Christina Pitt – The journalist tackling media’s biased reporting on coloured communities

Christina Pitt has just finished her honours degree in journalism at Stellenbosch University. After initially doing an LLB for four years, she chose the journalism honours over doing her articles in law, as being a writer was always important to her. Christina’s in-depth project was on coloured identity and the media. Unfortunately, university rules mean that she is unable to share the final product with us, but we asked her about it anyway.

Why did you choose this degree over others?
I always knew that I wanted to be a writer. More importantly, I wanted to be a journalist. During my undergrad studies, I was a journalist and the online editor for the campus newspaper. Given the demographics at Stellenbosch University, I often felt that certain groups were not represented in the newspaper back then, especially in the student lifestyle section.

I always made an effort to include articles and pictures of people of colour during my time there. I wrote stories about natural hair and street photographers in a newspaper that clearly did not cater to the minorities on campus at the time. This year, I was the news editor of the Stellenbosch University Journalism Department’s website,  which was launched and run by the journalism students of 2017. My experience as news editor was difficult, but my classmates always pitched great stories to cover and the website has been a success.

After a guest highlighted the importance of tabloids to South African communities, Christina’s interest was piqued.

Tell us about some of the themes and ideas you’ve explored in your student work?
After a guest lecturer from Europe spoke to our class about tabloid journalism and sensationalism, I became very interested in publications such as Daily Voice and Son. There are such negative connotations attached to tabloids and they are accused of various journalistic sins, but their contribution to communities that have been ignored by the media is invaluable.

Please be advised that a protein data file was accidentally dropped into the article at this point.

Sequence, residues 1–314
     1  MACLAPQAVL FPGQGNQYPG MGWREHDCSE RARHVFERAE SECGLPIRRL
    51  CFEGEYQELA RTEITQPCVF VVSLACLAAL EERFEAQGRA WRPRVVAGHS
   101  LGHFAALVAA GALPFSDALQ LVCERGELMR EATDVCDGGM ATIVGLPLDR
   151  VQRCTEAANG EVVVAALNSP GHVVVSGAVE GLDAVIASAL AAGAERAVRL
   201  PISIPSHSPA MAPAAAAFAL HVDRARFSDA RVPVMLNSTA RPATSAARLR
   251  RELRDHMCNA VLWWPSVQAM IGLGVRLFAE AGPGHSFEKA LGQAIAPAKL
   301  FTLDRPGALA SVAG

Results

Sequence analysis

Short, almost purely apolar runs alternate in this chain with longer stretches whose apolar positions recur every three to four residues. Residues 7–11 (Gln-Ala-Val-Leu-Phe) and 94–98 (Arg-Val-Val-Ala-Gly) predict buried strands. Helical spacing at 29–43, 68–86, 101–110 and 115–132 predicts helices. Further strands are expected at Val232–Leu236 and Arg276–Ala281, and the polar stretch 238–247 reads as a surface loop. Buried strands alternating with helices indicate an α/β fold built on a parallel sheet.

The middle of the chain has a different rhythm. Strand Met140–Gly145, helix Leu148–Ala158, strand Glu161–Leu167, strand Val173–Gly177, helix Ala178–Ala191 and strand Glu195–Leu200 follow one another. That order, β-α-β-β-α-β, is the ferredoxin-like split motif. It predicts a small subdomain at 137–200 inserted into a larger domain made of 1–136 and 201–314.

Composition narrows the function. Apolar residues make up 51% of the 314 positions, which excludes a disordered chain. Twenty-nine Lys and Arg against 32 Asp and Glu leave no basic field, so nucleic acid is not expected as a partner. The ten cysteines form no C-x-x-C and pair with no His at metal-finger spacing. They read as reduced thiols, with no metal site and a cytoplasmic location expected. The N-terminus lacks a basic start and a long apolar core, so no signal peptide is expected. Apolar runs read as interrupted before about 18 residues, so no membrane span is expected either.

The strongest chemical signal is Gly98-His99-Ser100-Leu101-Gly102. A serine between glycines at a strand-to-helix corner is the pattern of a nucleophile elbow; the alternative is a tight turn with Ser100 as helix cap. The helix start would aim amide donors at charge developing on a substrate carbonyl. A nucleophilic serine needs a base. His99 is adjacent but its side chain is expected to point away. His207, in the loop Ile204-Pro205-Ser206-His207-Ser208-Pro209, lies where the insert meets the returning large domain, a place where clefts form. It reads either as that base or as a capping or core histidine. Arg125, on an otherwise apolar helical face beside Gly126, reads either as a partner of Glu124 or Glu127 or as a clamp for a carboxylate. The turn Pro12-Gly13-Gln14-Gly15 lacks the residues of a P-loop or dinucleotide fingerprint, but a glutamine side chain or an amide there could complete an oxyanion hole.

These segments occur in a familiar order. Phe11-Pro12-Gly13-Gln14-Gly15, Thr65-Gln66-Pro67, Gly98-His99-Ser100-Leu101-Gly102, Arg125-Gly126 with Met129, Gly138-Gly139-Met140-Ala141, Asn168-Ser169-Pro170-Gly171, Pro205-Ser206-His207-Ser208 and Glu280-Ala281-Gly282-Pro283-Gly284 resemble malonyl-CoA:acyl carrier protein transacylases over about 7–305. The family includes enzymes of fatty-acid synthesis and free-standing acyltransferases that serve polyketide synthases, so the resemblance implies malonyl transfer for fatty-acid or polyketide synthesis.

Representation in the media is a topic that often pops up in class discussions and it has opened my eyes to a number of injustices. I have made it my personal mission to write the stories that don’t usually make it to the front page of the big newspapers.

Laverne Hippkhoi Maart by African Rose Photography

How did this feed into your final project? 
These class discussions inspired me to do my final project on the coloured communities in the Western Cape and how the media portrays them. Now, I understand that even the term “coloured” is controversial, but I think it’s great that people are openly talking about coloured identity. There needs to be more discussion on the topic.

How did you execute it?
I decided to write four articles and package it in the form of a magazine. The first article discusses how the media covers crime in coloured communities. I spoke to reporters from traditional media and tabloid media, and it was concluded that the media does cover crime stories differently in coloured areas and that it occasionally perpetuates negative stereotypes. Of course, this is not unique to the coloured community but I wanted to specifically focus on this group of people. The second article looks at how the Daily Voice contributes to the community.

Thirdly, I spoke to four individuals who are attempting to change the narrative usually employed by the media when reporting on coloured people. I was inspired by rapper Patty Monroe and artist and entrepreneur Laverne Hippkhoi Maart, who are young women of colour who are determined to uplift their communities in the media. Finally, I wrote a profile on Jodi Windvogel, a photographer who has documented the gentrification of Maitland. Her aim was also to capture human moments in the coloured community and to dismantle negative stereotypes.

What has your experience as a student been?
I have learned to trust my gut, or as many guest speakers have told us in the past: “check your bullshit metre”. Even just as a student journalist, everyone is trying to sell you a story. Most of the time the stories aren’t true, but every now and then you come across gold. You need to follow your instincts. This year was very strenuous, but it has been the best experience of my life. The academic and non-academic staff at the journalism department really did an incredible job and our class is completely indebted to them.

Rapper Patty Monroe. 

What excites you most about the South African creative industry?
I love the fact that young artists of colour are getting media attention. I’m not too clued up on the creative industry, but exceptional artists such as Jodi Windvogel and Laverne Hippkhoi Maart have personally inspired me to write about things that are close to my heart.

Where do you see yourself in 10 years?
I really have no idea where I’m going to end up! Fortunately, I was awarded the Media24 bursary so I will be working at News24 next year. It is a wonderful opportunity – perhaps I will be there in 10 years…

Image by Jodi Windvogel.

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